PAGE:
Insomnia, vasomotor symptoms (VMS) and depression often co-occur after the menopause, with consequent health problems and reductions in quality of life. The aim of this position statement is to provide evidence-based advice on the management of postmenopausal sleep disorders derived from a systematic review of the literature. The latter yielded results on VMS, insomnia, circadian rhythm disorders, obstructive sleep apnea (OSA) and restless leg syndrome (RLS). Overall, the studies show that menopausal hormone therapy (MHT) improves VMS, insomnia, and mood. Several antidepressants can improve insomnia, either on their own or in association with MHT; these include selective serotonin reuptake inhibitors (SSRIs), serotonin and norepinephrine reuptake inhibitors (SNRIs), and mirtazapine. Long-term benefits for postmenopausal insomnia may also be achieved with non-drug strategies such as cognitive behavioral therapy (CBT) and aerobic exercise. Continuous positive airway pressure (CPAP) and mandibular advancement devices (MADs) both reduce blood pressure and cortisol levels in postmenopausal women suffering from OSA. However, the data regarding MHT on postmenopausal restless legs syndrome are conflicting.

Italian Association of Sleep Medicine (AIMS) position statement and guideline on the treatment of menopausal sleep disorders

Silvestri R.;Lecca R.;Lombardi C.;Puligheddu M.;
2019-01-01

Abstract

Insomnia, vasomotor symptoms (VMS) and depression often co-occur after the menopause, with consequent health problems and reductions in quality of life. The aim of this position statement is to provide evidence-based advice on the management of postmenopausal sleep disorders derived from a systematic review of the literature. The latter yielded results on VMS, insomnia, circadian rhythm disorders, obstructive sleep apnea (OSA) and restless leg syndrome (RLS). Overall, the studies show that menopausal hormone therapy (MHT) improves VMS, insomnia, and mood. Several antidepressants can improve insomnia, either on their own or in association with MHT; these include selective serotonin reuptake inhibitors (SSRIs), serotonin and norepinephrine reuptake inhibitors (SNRIs), and mirtazapine. Long-term benefits for postmenopausal insomnia may also be achieved with non-drug strategies such as cognitive behavioral therapy (CBT) and aerobic exercise. Continuous positive airway pressure (CPAP) and mandibular advancement devices (MADs) both reduce blood pressure and cortisol levels in postmenopausal women suffering from OSA. However, the data regarding MHT on postmenopausal restless legs syndrome are conflicting.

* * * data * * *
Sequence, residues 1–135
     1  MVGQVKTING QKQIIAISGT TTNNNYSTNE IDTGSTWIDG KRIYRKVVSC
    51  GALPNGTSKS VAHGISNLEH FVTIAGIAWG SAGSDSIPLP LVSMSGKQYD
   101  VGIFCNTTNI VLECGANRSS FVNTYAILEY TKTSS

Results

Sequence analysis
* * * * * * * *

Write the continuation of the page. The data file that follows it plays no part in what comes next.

Cognitive behavioral therapy for insomnia (CBT-I); Hormone replacement therapy (HRT); Menopause; Position statement; Sleep disorders; Vasomotor symptoms (VMS)
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Utilizza questo identificativo per citare o creare un link a questo documento: https://hdl.handle.net/11584/278911
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